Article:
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Celebrating Improved Student Growth and Achievement

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Word 79 SEPTEMBER 4, 2019 – Destiny Gore is a fifth-grader at Cook Literacy Model School. At a press conference celebrating improved student achievement and growth throughout the school district, Destiny talked about her own growth as a student and as a person.

Destiny also had the chance to meet the new superintendent Dr. Angela Pringle Hairston and several members of the Winston-Salem/Forsyth County Board of Education.

School system administrators, school volunteers, and community partners were also present. 

The state has released the released the 2018-19 School Performance Grades (SPG), and, with Cook making notable improvements in student achievement, the press conference was held there.

Principal Paula Wilkins talked to everyone about the work that has gone into making those improvements in the past three years.

Andy Kraft, who is the Chief Program Officer for Winston-Salem/Forsyth County Schools, talked about improvements through the school system. Also present were principals of two schools that also did particularly well – Sandra Hunter of Clemmons Middle and Brad Royal of Reagan High.

Cook 51 Superintendent Hairston said, “I am excited by the positive outcomes evidenced by the 2018-19 data. I am ready to continue the work of the district in hopes of even better future achievement.”

The School Performance Grades were implemented in 2014-15. While much of the 2018-19 data indicates basically flat results, the district has shown increases in all areas of state-mandated accountability factors.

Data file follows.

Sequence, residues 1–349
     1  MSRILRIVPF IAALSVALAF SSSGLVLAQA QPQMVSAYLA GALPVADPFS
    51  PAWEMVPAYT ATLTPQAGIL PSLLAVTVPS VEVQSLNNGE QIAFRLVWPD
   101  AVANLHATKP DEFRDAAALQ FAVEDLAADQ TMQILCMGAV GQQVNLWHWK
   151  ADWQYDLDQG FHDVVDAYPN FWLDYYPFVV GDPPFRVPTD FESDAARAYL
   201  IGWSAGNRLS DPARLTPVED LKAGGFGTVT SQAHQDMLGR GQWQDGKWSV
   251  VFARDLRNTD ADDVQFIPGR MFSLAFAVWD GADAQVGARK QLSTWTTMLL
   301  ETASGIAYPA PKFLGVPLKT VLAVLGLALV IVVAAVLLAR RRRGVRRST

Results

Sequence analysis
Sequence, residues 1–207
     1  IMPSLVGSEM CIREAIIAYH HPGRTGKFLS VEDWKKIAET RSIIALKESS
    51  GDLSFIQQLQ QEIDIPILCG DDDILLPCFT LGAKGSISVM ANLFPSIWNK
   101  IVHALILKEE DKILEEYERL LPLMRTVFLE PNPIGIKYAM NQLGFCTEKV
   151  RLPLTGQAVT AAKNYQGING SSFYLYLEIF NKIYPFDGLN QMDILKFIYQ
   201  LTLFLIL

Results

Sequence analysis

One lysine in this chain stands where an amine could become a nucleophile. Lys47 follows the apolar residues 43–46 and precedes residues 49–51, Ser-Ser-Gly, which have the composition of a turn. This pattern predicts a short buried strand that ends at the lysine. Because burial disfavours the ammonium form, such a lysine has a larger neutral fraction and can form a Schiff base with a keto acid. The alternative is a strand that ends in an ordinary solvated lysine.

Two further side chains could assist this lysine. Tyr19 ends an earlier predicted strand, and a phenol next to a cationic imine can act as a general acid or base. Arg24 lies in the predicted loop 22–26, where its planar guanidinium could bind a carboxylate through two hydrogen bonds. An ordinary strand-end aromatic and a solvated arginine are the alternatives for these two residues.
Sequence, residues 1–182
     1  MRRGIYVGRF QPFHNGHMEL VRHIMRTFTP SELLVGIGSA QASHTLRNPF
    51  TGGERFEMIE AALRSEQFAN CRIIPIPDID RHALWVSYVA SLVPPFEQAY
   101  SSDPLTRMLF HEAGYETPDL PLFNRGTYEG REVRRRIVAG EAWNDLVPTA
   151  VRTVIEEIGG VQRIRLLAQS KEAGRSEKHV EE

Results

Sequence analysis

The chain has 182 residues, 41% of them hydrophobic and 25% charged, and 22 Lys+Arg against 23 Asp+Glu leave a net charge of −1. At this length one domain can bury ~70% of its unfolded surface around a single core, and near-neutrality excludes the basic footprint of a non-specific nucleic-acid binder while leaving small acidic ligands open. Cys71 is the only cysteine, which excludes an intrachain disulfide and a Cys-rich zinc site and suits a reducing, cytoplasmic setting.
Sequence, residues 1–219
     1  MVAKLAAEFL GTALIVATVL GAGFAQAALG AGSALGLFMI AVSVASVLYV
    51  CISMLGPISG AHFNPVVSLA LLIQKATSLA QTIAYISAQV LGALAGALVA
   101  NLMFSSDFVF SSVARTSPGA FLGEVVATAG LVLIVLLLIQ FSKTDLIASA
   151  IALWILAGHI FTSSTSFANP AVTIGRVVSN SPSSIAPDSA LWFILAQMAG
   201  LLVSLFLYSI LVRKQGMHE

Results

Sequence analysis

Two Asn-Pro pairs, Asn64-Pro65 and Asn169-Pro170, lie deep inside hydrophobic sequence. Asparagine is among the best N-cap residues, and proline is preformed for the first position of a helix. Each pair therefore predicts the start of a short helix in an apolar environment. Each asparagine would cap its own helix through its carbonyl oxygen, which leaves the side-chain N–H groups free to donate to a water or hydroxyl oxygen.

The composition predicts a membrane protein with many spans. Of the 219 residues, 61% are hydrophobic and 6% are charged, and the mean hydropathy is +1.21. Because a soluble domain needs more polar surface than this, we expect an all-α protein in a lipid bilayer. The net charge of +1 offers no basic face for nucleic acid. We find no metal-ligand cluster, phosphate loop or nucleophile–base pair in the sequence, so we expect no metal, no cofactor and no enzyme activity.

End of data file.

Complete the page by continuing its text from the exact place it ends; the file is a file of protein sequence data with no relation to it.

These grades, ranging from A to F, reflect a combination of student proficiency (80%) and student growth (20%). The grades are designed to provide a brief snapshot of student academic performance.

For 2018-19, 9 (12%) traditional schools in WS/FCS received an SPG of A, 18 (23%) received a B, 18 (23%) received a C, 20 (26%) received a D, and 12 (15%) received an F. These results show 27 (35%) schools received an A or B in comparison to 21 (27%) in the 2017-18 school year. In addition, the data indicate that 12 (15%) of the schools received an F, which is an improvement from 16 (21%) in the 2017-18 school year.

Mr. Scott Munsie, principal at Walkertown Middle School, shared, “The importance of collaborative pacing by our teachers and the use of district-wide instructional resources and strategies along all grade levels made a difference. We had great support from all of our Instructional Coaches, who spent time meeting with teachers and making classroom observations.”

Kraft 60 Academic growth is a measurement of student progress made during the duration of a course or grade level. For 2018-19, 27 schools exceeded expected growth, up from 18 in 2017-18. Another 31 schools met expected growth, meaning 81% of WS/FC schools met or exceeded expected growth, up from 73% in 2017-18.

Ms. Angie Choplin, principal at Lewisville Elementary School, said, “The Lewisville School community made a commitment to our students to place their educational interests first each day by maintaining high academic standards, addressing social and emotional needs and creating a safe learning environment.”

Student proficiency indicates that students consistently demonstrate mastery of the content standards and are well-prepared for the next grade or course. The Grade Level Proficiency (GLP) measure includes students who score at Level 3 and above and show at least sufficient command of the material. Here are 2-year comparisons for proficiency:

 

Assessment

2017-18, %

2018-19, %

Reading, Grades 3-8

50.8

54.9

Math, Grades 3-8

49.9

54.4

Science, Grade 5

58.6

69.7

Science, Grade 8

67.2

75.8

Biology

55.8

57.3

English II

56.4

56.0

Math I

54.7

53.6

Math 3*

N/A

45.5

*New Assessment for 2018-19

“While the proficiency measure shows some improvement over prior years, we are moving in the right direction. I am looking forward to learning about what is effective and what can be improved for teaching and learning,” stated Dr. Hairston.

In 2018-19, WS/FCS graduated at a rate of 86.2%, up from 84.5% in 2017-18. Over time, the district has improved its graduation rate by almost 16%, up from 70.8% in 2008. Comparatively, North Carolina recorded a graduation rate of 86.5% in 2018-19.